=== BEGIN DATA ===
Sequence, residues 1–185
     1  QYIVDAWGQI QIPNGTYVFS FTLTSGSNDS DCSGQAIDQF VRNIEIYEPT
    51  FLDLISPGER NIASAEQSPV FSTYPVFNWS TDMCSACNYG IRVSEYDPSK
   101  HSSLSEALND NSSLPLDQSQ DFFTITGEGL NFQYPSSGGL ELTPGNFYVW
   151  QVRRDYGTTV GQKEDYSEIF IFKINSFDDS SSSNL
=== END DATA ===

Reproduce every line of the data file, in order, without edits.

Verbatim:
Sequence, residues 1–185
     1  QYIVDAWGQI QIPNGTYVFS FTLTSGSNDS DCSGQAIDQF VRNIEIYEPT
    51  FLDLISPGER NIASAEQSPV FSTYPVFNWS TDMCSACNYG IRVSEYDPSK
   101  HSSLSEALND NSSLPLDQSQ DFFTITGEGL NFQYPSSGGL ELTPGNFYVW
   151  QVRRDYGTTV GQKEDYSEIF IFKINSFDDS SSSNL